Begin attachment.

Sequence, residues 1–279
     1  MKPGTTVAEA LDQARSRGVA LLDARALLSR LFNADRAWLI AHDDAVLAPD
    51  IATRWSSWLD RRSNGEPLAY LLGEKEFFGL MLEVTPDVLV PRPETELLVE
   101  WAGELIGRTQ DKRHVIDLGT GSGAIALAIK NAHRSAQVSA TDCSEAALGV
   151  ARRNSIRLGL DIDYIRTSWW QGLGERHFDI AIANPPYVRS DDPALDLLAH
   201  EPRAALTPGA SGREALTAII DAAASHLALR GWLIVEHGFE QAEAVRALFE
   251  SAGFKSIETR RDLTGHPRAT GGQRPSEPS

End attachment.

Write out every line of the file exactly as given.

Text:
Sequence, residues 1–279
     1  MKPGTTVAEA LDQARSRGVA LLDARALLSR LFNADRAWLI AHDDAVLAPD
    51  IATRWSSWLD RRSNGEPLAY LLGEKEFFGL MLEVTPDVLV PRPETELLVE
   101  WAGELIGRTQ DKRHVIDLGT GSGAIALAIK NAHRSAQVSA TDCSEAALGV
   151  ARRNSIRLGL DIDYIRTSWW QGLGERHFDI AIANPPYVRS DDPALDLLAH
   201  EPRAALTPGA SGREALTAII DAAASHLALR GWLIVEHGFE QAEAVRALFE
   251  SAGFKSIETR RDLTGHPRAT GGQRPSEPS